Human rights, social justice, rights of ethnic minorities and indigenous peoples, the health of our planet, and advancing a form of development that will bring about material and spiritual prosperity are just some of the principles that can help associations remain relevant and sustainable in the future, says HPF’s Executive Director Sione Tu’itahi.
Mr Tu’itahi made the comment as part of a number of key ideas he shared during a panel discussion at the 14th annual CEO and Chair Symposium held at the Adelaide Convention Centre in Australia from February 20th to 21st. The panel discussed how associations can move from focusing mainly on economic outcomes to include social outcomes.
Mr Tu’itahi was invited as one of the speakers for the symposium as part of HPF’s ongoing collaboration with Tourism New Zealand, one of the sponsors of the symposium.
He offered as an example and case study, the 23rd IUHPE world conference on health promotion co-hosted by HPF in Rotorua last year, adding that the conference was a vehicle and part of a strategic process.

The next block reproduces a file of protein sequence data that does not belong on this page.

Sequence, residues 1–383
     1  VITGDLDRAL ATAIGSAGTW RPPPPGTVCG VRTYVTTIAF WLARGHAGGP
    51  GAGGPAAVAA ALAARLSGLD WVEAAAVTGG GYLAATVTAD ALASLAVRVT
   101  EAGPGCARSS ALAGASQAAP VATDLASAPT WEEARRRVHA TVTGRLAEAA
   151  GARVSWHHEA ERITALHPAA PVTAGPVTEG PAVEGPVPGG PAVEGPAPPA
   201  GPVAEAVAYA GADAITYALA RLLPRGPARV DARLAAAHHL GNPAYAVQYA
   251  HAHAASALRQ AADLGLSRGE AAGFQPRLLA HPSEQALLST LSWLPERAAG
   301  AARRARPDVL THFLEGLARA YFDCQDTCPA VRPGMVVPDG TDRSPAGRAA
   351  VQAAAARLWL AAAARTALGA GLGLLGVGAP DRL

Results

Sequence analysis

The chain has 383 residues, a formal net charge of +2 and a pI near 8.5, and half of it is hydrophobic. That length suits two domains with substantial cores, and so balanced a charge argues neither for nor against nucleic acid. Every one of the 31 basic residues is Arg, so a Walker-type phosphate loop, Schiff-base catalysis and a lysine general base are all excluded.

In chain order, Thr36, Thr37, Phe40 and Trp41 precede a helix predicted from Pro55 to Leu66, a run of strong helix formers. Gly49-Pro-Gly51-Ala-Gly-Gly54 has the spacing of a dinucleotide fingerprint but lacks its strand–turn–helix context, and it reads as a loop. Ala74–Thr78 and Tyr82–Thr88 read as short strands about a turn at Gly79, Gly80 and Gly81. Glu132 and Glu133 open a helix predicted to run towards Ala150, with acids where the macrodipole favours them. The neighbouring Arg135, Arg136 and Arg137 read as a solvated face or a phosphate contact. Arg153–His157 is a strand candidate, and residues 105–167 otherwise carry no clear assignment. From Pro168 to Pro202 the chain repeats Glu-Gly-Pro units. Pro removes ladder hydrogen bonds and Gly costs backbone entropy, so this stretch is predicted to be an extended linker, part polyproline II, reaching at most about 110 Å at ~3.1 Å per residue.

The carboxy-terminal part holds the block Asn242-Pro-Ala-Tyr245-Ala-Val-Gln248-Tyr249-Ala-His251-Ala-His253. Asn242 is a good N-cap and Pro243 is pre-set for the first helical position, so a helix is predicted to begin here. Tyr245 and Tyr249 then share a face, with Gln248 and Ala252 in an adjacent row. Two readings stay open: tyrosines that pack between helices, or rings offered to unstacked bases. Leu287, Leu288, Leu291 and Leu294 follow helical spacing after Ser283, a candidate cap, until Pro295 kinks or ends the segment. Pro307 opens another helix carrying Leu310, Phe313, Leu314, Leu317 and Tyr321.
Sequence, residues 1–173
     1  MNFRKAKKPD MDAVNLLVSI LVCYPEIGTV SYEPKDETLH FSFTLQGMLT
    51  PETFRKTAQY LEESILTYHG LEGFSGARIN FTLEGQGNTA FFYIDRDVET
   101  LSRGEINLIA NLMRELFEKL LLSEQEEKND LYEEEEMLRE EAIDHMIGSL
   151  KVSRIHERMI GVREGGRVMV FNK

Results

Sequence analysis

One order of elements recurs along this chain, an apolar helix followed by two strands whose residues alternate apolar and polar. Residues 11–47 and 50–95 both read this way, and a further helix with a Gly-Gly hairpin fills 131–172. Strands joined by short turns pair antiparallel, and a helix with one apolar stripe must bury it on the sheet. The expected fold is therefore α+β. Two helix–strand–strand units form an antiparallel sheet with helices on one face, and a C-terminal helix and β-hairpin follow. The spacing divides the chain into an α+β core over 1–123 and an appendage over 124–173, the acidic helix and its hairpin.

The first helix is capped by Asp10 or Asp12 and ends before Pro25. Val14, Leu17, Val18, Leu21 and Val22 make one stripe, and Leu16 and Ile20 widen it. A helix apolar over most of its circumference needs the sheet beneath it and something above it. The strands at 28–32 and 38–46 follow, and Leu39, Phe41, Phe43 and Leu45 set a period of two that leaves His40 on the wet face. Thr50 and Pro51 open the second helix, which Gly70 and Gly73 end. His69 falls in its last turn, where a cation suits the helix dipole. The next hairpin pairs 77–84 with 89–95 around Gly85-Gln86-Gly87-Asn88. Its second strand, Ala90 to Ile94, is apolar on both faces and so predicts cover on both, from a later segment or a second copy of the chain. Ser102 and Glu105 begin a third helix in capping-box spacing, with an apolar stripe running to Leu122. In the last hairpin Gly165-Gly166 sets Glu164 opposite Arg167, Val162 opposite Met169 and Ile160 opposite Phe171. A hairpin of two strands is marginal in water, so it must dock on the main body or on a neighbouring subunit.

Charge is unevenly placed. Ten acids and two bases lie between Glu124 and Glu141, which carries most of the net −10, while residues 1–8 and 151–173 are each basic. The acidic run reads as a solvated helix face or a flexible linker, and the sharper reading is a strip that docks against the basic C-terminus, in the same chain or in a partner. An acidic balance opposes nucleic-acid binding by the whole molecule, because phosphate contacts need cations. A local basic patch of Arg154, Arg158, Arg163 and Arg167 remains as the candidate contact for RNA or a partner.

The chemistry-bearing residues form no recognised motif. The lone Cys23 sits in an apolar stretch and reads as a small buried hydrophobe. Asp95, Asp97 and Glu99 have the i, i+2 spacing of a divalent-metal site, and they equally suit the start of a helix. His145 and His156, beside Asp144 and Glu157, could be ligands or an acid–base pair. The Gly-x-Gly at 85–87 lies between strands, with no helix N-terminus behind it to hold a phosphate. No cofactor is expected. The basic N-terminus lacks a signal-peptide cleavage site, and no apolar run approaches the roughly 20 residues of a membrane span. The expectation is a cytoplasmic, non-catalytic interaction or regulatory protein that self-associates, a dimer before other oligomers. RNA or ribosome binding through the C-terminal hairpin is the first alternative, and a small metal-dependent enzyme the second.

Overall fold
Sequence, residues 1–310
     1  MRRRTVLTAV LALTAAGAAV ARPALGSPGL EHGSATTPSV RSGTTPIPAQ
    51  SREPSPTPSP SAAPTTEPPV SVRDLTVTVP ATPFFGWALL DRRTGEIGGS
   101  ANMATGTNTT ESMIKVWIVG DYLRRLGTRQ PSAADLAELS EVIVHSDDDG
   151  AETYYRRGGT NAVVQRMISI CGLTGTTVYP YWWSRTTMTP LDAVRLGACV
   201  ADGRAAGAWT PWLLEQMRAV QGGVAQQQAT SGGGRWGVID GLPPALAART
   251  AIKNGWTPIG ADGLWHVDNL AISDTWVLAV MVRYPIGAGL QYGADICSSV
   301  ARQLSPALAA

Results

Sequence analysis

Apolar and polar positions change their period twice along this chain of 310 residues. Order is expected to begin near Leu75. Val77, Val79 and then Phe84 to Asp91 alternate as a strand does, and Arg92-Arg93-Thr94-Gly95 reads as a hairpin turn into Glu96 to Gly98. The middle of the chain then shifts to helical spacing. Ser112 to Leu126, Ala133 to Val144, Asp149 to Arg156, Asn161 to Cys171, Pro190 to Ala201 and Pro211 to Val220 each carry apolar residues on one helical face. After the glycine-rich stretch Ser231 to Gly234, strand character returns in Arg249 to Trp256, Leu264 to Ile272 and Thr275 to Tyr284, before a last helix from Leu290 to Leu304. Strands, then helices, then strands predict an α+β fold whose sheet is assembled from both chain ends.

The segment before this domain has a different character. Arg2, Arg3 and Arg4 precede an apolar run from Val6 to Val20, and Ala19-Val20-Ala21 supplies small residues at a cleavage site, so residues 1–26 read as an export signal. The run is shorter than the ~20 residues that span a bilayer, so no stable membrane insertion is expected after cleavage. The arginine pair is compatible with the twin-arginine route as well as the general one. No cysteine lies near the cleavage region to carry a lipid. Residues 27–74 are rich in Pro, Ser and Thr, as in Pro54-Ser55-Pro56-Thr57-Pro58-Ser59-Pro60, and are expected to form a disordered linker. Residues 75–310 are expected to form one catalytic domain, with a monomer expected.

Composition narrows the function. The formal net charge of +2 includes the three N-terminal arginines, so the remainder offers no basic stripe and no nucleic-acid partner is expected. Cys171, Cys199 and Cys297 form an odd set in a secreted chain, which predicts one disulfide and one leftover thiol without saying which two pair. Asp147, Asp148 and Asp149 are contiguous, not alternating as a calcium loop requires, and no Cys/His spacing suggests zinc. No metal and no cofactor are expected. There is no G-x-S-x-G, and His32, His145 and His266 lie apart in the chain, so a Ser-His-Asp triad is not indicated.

“The aim of the process is to enable HPF and the world health promotion community to contribute to the health of the planet and its peoples, in partnership with global, regional and national partners. We’re happy to say we achieved our goals and the outcomes are keeping us busier than ever,” he told the panel. “Our story was well received with many positive feedback from participants.”
For associations to remain relevant and therefore justify their existence, they should address not only the in-house needs of their members but also address the needs of the wider societal context in which they are nested,” said Mr Tu’itahi.
All human constructs and formations, including associations he added must also adopt a “’global consciousness’ because we live in a global village now; and we need to think global and act local, if not, act on all levels. This is because what happens at the global impacts on the local, and vice-versa.”
As to the future of associations in 30 years, Mr Tu’itahi said we had at least two options.
“The first one is to walk into the future and take what it might bring. The second option is to create the future we want to walk into. I choose the second one, and I am therefore a ‘Future Maker’, not a ‘Future Taker’. So, for associations, they need to envisage the future they want, and create that future.”
After the conference Mr Tu’itahi said it was “a great bounty” to share his experience with Australian CEOs, and to learn from them.
From left, Andrew Makrogianni, from IT company, Higher Logic, Sione Tu’itahi, and Samantha Kent, host from Tourism New Zealand, based in Sydney.